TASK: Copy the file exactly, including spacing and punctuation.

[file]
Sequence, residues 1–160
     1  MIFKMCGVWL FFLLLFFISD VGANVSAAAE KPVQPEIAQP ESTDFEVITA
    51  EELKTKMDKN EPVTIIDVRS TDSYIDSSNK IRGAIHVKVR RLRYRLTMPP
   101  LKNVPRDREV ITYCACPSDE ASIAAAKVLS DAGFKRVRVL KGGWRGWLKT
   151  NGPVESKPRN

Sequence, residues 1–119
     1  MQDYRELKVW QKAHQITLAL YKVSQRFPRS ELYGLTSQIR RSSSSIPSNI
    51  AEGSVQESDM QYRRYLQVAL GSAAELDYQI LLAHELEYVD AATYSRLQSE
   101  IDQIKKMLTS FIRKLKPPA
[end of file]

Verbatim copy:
Sequence, residues 1–160
     1  MIFKMCGVWL FFLLLFFISD VGANVSAAAE KPVQPEIAQP ESTDFEVITA
    51  EELKTKMDKN EPVTIIDVRS TDSYIDSSNK IRGAIHVKVR RLRYRLTMPP
   101  LKNVPRDREV ITYCACPSDE ASIAAAKVLS DAGFKRVRVL KGGWRGWLKT
   151  NGPVESKPRN

Sequence, residues 1–119
     1  MQDYRELKVW QKAHQITLAL YKVSQRFPRS ELYGLTSQIR RSSSSIPSNI
    51  AEGSVQESDM QYRRYLQVAL GSAAELDYQI LLAHELEYVD AATYSRLQSE
   101  IDQIKKMLTS FIRKLKPPA